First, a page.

Some families prefer to study science from a secular point of view and others from a faith-based point of view. Some evaluators assess science skills from a secular point of view and some from a faith-based point of view. An evaluation can be a negative experience for all concerned if the evaluator’s expectations do not match the goals of the family. Make sure the expectations and beliefs of your evaluator are compatible with those of your family.
Make sure you understand the credentials your evaluator is using to establish his or her authority with your local school division. If you are using an established evaluator, has he or she already had evaluations accepted in your school division? Has he or she had an evaluation rejected? If so, was it corrected and ultimately accepted? If you are using a new evaluator, consider the requirements of the home instruction statute to decide if it is likely that the evaluator’s credentials will be acceptable to your local school division.
Evaluation Time Line
Some evaluators meet with the child and/or parents and supply an evaluation report the same day. Other evaluators conduct the evaluation and supply a written report afterward. The time line may depend, in part, on the evaluation tools that are used—some tests can be scored immediately and the results reported on a simple form, while a custom-written report may require more reflection and time. An evaluator who travels to your location and conducts evaluations for multiple families may need to write reports after returning to office or home. Make sure you understand the time line for the evaluation itself and when to expect the evaluation report, particularly if a deadline is approaching.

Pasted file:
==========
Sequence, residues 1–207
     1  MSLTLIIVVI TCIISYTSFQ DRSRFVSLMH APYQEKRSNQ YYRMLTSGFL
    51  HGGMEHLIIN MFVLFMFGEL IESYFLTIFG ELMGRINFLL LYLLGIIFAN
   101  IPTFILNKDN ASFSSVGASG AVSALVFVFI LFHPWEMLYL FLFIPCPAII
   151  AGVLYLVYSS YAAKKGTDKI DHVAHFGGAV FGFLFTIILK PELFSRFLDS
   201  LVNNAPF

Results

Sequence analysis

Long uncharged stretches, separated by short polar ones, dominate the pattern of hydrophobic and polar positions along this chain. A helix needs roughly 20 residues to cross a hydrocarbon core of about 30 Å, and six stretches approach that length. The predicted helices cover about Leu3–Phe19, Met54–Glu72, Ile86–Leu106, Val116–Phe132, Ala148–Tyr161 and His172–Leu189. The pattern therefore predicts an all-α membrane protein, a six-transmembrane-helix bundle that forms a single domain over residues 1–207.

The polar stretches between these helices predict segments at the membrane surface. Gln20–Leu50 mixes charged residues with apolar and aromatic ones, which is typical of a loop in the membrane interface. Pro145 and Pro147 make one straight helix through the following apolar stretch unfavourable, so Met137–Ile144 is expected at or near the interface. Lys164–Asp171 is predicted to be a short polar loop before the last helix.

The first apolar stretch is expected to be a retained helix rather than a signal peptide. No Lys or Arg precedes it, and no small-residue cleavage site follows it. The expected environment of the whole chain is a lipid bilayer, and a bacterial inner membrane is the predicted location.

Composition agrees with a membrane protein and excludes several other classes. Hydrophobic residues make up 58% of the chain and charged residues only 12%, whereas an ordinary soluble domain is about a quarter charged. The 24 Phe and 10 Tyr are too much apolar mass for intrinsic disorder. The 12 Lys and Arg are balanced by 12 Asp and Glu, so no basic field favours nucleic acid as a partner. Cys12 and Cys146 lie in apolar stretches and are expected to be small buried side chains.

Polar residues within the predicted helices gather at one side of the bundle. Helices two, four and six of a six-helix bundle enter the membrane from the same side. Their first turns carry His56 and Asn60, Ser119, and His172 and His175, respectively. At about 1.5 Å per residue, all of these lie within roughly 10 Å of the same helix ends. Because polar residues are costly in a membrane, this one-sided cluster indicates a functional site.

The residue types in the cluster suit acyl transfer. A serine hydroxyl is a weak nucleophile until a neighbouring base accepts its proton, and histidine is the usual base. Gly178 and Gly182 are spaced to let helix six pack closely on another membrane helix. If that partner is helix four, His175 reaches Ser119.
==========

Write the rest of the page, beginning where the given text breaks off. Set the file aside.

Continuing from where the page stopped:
Evaluation Fee and Expectations
Evaluation fees can vary widely. Some factors influencing the cost of an evaluation include the credentials, education, and experience of the evaluator; the amount of time the evaluator spends on the evaluation, including the level of detail in the evaluation report; the cost of any assessment tools your evaluator uses; and travel time and associated costs if the evaluator comes to you. If an evaluation is rejected by your local school division, will there be an additional fee to correct it so that you can resubmit? If you do not receive the report in time to submit it to your school division before the August 1 deadline, will there be a reduction in the fee? Make sure you understand the cost of the evaluation and any associated fees for travel, etc., as well as what recourse you may have if an evaluation is late or rejected by your school division.